Second in a series.
At the Philadelphia Stock Exchange, compliance with regulatory requirements is an old challenge that occasionally comes with a new label.
For decades, stock exchanges and other financial institutions have had to meet regulations imposed by the federal Securities and Exchange Commission, which sets standards for data integrity. Standards tightened even further following the September 11, 2001, terrorist attacks, when government officials feared that the next major attack might be aimed at American interests in cyberspace.
On the exchange floor, most attention is focused on the trading applications that run on transaction processing computers made by Stratus Technologies Inc., in Marlboro, Mass. IT managers at the Philadelphia Exchange began to view their Windows servers as business critical -- particularly those that run e-mail and Blackberry information -- long before extra security was required by the Sarbanes-Oxley Act (SOX) of 2002. Sections 302 and 404 of that legislation govern financial reporting and documentation of internal controls.
"We won't use Windows for trading, but people are drawing reports off of our servers," said Bernard Donnelly, vice president of quality assurance for the stock exchange, which was founded in 1790. "Now that you've opened up your network to the [Internet], you need layers of security for protection."
Multiple layers of security
The Philadelphia Stock Exchange has built a wall around its servers and appliances. Its first line of defense is an intrusion protection system made by V-Secure Technologies Inc. that is used in conjunction with a traffic management application from F5 Networks Inc. -- all of which are authenticated through a firewall made by Check Point Software Technologies Ltd. running on Nokia hardware.
These layers separate incoming traffic from a server that resides in the company's DMZ. The stock exchange relies on each software vendor's own security features, such as Windows Server's password control tools. Each of the platforms is also monitored by a console built by Consul Risk Management Inc., in Herndon, Va.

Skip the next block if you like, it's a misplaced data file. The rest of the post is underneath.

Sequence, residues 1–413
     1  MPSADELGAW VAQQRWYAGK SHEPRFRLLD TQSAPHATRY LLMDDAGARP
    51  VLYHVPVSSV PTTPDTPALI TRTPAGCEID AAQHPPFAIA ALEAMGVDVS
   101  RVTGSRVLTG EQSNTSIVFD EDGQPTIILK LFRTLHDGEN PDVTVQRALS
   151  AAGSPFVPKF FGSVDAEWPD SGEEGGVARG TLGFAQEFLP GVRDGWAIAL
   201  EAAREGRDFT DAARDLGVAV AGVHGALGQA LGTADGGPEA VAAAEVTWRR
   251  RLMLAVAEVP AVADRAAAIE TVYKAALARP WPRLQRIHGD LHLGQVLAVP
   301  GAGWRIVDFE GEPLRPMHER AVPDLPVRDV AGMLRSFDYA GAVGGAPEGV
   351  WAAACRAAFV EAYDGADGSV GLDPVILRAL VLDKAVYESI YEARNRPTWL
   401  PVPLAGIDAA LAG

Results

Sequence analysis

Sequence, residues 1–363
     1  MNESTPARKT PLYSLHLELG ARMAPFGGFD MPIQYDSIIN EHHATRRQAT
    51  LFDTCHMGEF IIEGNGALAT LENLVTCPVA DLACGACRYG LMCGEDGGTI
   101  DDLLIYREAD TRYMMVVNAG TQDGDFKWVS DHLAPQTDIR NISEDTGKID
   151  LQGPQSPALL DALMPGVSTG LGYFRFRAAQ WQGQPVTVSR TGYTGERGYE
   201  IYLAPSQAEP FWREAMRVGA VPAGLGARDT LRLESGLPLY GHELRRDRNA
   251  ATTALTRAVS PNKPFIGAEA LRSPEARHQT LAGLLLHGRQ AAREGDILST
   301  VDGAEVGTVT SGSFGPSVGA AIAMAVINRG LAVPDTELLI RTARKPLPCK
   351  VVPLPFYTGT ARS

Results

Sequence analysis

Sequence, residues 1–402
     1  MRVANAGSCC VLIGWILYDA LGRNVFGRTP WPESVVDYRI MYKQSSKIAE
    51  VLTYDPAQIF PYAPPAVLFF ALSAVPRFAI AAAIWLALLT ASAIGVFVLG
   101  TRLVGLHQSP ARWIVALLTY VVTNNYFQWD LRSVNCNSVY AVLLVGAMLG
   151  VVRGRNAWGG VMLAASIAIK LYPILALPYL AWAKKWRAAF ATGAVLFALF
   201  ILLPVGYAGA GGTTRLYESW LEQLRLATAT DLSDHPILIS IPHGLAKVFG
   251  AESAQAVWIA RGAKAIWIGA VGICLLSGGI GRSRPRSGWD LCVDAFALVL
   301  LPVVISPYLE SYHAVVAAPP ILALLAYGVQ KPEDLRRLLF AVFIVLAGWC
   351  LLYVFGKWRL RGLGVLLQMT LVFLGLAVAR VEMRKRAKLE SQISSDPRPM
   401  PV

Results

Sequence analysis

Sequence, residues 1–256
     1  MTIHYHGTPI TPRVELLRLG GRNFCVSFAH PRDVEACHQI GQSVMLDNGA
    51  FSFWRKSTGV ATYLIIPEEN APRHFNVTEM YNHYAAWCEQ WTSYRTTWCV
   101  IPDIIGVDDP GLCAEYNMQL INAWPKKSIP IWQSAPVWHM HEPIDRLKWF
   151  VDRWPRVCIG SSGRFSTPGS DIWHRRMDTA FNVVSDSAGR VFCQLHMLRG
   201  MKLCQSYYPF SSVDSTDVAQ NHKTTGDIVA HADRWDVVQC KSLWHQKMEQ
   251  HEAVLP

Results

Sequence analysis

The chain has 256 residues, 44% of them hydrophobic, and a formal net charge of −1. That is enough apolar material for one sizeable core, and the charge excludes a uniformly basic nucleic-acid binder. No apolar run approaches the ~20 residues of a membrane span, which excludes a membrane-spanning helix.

Donnelly recognizes that the country's eight stock exchanges are not garden-variety Windows shops -- the Philadelphia Exchange does much of its own custom application development, for example. But he uses the same common sense rules for Windows as he does for computers on the trading floor.
Policy is strictly enforced
IT administrators preparing for SOX compliance are trying to do something that has long been a part of the culture at the Philadelphia Exchange, where there is a longstanding, detailed security policy, in which no one is allowed to copy data or play computer games, Donnelly said.
"It's a culture change," he said. "Suddenly, you put restrictions on [employees] and they feel challenged. [At one point,] I had development managers wanting to look at code that was not their code. I tell them it's not a question of [not trusting them], but it's a question of good business practice."
Donnelly advises IT administrators to make SOX a part of the fabric of their organization and not something they do because they may be faced with an audit. All reports must be treated in the same way because you never know which report a chief financial officer will have to sign off on, he said.
In addition to its own testing, the exchange also has a third-party consultant conduct twice-yearly penetration tests. "We try to break into our systems internally and externally," Donnelly said. "We do it with the [V-Secure] both on and off."
Though the advice that Donnelly gives for Windows systems is generally good for systems across the board, experts agree that Windows administrators must pay special attention to patch management and change and configuration management and must attempt to make standard builds for servers.
Regulatory rules also tend to drive away shared and ghost accounts, since there must be more accountability and oversight in general, said Michael Rasmussen, a consultant at Forrester Research Inc., in Cambridge, Mass. Dead accounts must be removed from the system quickly, he recommended.
Compliance will be good for administrators in the long run because they are making their departments run like a business process organization and less like overhead, said Richard Ptak, principal at Ptak, Noel & Associates, in Amherst, N.H.
"In the end, it will introduce tighter controls for management of passwords, encryption and other administrative tasks," Ptak said. "But you will have fewer problems and secure access to data."